by HGD Staff
A 2016 report by the Centers for Disease Control and Prevention (CDC) in cooperation with the University of New Mexico revealed that as many as 5.4 million Americans are living with some form of physical paralysis. The data for the research came from 2013 and illustrates just how common paralysis is becoming. Perhaps not surprisingly, the leading cause of paralysis is spinal cord injuries.
Key findings from the report included details about demographics and causes of paralysis. For instance:
- Approximately 1.75% of the U.S. population suffers from paralysis
- Roughly 75% of those with paralysis are under 65 years of age
- Other than spinal cord injuries, stroke was another common cause
- Only about 25% of those with paralysis had a college education
- On average, only one in six maintained regular employment
- Two-thirds had weight issues (overweight, obese, or underweight)
- About a third of those with paralysis smoked
Causes of Spinal Cord Injury in America
There are many ways that individuals can suffer a spinal cord injury. These include falls, sports injuries, auto accidents, and physical assaults, just to mention a few. Sadly, in many situations, the victim is in no way responsible for the injury. This means that someone else’s careless or reckless behavior can lead to a serious and life-changing injury from which there may be no potential for recovery.
How Auto Accidents Cause Spinal Cord Injuries
In a motor vehicle crash, a person’s body is moving at the same rate of speed as the vehicle they are in. When the vehicle strikes another object, it comes to an abrupt stop. In other words, the vehicle decelerates very quickly. However, the person’s body continues moving at the same speed it was traveling. Even if properly restrained by a seatbelt, a human male body which, in the U.S., averages about 195 pounds, shakes violently about at speeds of up to 70-80 miles per hour, often striking interior parts of the vehicle with extreme force. This can lead to irreparable damage to internal organs, bones, ligaments, and tendons. There can be muscle damage, as well. The most severe of these injuries occurs when the spinal cord is injured.
Understanding Spinal Cord Injuries
The human spinal cord is only about 18 inches long, on average. It travels from the base of the brain all the way down to the lower back, where it ends in the sacral region. A common misconception is that an ‘incomplete’ spinal cord injury means the paralysis is curable or may be repaired. In reality, the key distinction is just the regions of the body affected, not the severity or permanence of the injury. Likewise, some tend to think that incomplete means the spinal cord is not fully cut or severed. Again, this is a misconception. Rarely is a true “severing” of the cord required to cause paralysis.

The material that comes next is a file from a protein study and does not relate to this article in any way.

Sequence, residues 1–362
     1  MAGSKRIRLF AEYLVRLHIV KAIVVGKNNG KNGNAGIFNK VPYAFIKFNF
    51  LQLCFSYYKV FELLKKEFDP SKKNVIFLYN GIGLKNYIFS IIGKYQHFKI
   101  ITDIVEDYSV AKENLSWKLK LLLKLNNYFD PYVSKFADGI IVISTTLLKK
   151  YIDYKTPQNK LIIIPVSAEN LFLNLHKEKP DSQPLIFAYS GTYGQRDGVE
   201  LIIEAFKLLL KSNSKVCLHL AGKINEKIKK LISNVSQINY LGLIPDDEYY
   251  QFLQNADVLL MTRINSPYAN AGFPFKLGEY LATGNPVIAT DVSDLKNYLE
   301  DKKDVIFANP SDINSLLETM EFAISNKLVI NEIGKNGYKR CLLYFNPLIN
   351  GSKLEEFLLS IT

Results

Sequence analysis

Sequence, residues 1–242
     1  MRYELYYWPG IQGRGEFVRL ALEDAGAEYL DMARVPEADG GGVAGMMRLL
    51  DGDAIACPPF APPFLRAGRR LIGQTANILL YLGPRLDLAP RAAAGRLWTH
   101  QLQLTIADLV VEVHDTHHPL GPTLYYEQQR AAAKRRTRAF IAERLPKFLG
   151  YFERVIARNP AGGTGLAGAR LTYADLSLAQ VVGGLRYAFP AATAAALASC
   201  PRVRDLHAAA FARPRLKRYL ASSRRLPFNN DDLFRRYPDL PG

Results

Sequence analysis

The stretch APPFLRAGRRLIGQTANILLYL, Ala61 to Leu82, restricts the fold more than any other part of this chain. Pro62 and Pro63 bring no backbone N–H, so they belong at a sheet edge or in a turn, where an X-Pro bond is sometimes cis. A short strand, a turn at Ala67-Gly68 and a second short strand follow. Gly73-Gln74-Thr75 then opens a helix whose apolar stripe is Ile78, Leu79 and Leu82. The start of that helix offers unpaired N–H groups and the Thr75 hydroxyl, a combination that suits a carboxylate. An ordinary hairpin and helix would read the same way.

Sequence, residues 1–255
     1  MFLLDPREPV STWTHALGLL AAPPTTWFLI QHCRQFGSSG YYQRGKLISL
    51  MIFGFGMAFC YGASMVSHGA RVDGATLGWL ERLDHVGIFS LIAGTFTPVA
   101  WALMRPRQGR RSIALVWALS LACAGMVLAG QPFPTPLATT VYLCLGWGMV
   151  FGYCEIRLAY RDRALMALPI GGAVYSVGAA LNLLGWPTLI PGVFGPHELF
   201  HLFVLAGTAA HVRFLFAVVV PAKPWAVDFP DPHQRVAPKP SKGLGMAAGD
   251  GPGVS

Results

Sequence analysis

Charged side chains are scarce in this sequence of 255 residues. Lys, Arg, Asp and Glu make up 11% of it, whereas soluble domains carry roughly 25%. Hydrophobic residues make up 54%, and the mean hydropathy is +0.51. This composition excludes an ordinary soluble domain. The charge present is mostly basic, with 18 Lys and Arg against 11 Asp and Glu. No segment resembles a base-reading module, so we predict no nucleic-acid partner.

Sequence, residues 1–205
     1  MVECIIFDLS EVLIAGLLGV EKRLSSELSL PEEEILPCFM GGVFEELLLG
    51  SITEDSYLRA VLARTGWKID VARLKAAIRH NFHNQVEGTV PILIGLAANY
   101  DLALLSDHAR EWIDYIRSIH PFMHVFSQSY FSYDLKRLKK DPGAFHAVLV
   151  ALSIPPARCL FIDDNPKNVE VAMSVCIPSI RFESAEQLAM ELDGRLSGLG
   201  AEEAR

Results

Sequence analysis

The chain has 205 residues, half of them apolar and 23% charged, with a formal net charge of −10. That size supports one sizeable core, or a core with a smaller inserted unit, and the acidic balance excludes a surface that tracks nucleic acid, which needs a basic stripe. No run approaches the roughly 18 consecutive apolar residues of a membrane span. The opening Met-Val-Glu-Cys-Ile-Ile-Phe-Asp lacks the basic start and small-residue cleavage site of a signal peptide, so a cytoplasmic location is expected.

A spinal cord injury is often a deep bruise or other crushing force injury to the spinal cord that permanently disrupts blood flow and nerve activity. The effects of a spinal cord injury may include:
- Loss of sensation
- Incontinence of bladder and bowel
- Respiratory deficits
- Much more
Complete vs. Incomplete Spinal Cord Injury (SCI)
A complete SCI is one that affects all sensation and control at or below the point of injury. The higher in the spine the injury, the more significant the loss. For instance, a spinal cord injury to the upper thoracic (mid-back) region of the spine will be considered a complete SCI if there is a “complete” and total loss of sensation and motor function at and below that point. The loss will affect all function and both sides of the body.
An incomplete SCI may only affect one side of the body or may be more severe in one place than another. This is because blood flow may only be restricted in a specific way or some nerves may be unaffected by the injury.
Getting Help After a Spinal Cord Injury
If you or a loved one are suffering from a spinal cord injury after being injured in a slip and fall accident, auto, truck or motorcycle accident, or any other type of injury that was caused by someone else’s negligence, then you have a right to seek compensation for your loss. The law holds people accountable for their actions, and you may be entitled to financial compensation for:
- Loss of income
- Medical expenses
- Adaptive housing and devices
- Vehicle modifications
- Pain and suffering
- Emotional anguish and distress
- Loss of enjoyment of life
For a completely free initial case consultation, call Heninger Garrison Davis, LLC today. With offices in Georgia, Alabama, New Jersey, and New York, we stand ready to fight for your rights to help you get the compensation you deserve.